Three bombs blasts, one close to a hospital, in southeastern Turkey in which dozens were injured and at least 12 killed have been blamed on Kurdish separatists by police. One of the attacks at Mardin State Hospital in Kızıltepe targeted an army truck but dozens of civilians were caught in the explosion and five were killed. The blast was heard some miles away. Several of the dead and wounded were young children.
In another attack, a car bomb exploded 110 km north in the city of Diyarbakir, also in southeastern Turkey. Three people are believed to have died there and another four were killed in a bombing close to the border with Iraq. Isis have been behind similar blasts recently but police are blaming Kurds for today's attacks (10 August). The area, which adjoins the Syria and Iraq borders, has seen intense fighting between Turkish troops and Kurdish separatists including the PKK (Kurdistan Workers' Party) who are fighting for a separate Kurdish state.
Since the PKK began its armed struggle against the Turkish state in 1984 around 40,000 people have been killed. The PKK and related groups such as the TAK have been blamed for several bomb blasts in Istanbul and Ankara, and Turkish troops — some of whom took part in the attempted coup against President Erdogan in July — have been blamed for many atrocities mostly in the southeast of the country.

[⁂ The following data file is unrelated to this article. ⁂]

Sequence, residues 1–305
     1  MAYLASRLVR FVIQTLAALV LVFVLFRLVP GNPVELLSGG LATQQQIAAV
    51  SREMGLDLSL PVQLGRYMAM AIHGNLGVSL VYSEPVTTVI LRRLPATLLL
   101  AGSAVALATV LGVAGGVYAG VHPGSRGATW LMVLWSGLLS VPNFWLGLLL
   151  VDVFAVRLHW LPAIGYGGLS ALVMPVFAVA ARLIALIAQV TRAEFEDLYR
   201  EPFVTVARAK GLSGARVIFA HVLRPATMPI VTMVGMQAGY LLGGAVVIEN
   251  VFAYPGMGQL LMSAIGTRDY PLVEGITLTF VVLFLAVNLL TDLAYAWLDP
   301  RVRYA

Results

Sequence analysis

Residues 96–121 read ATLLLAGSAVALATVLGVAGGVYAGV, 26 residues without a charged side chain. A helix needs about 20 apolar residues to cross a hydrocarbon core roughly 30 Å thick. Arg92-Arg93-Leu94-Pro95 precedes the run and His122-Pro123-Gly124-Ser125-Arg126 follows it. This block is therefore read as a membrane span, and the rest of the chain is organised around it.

In May Turkey rejected claims by the United Nations (UN) that it had committed acts of violence in the area including shooting at civilians, damaging property and burning up to 100 people alive as they sheltered in basements. UN high commissioner Zeid Ra'ad Al Hussein said: "To have such a lack of information about what is happening in such a large and geographically accessible area is both extraordinary and deeply worrying."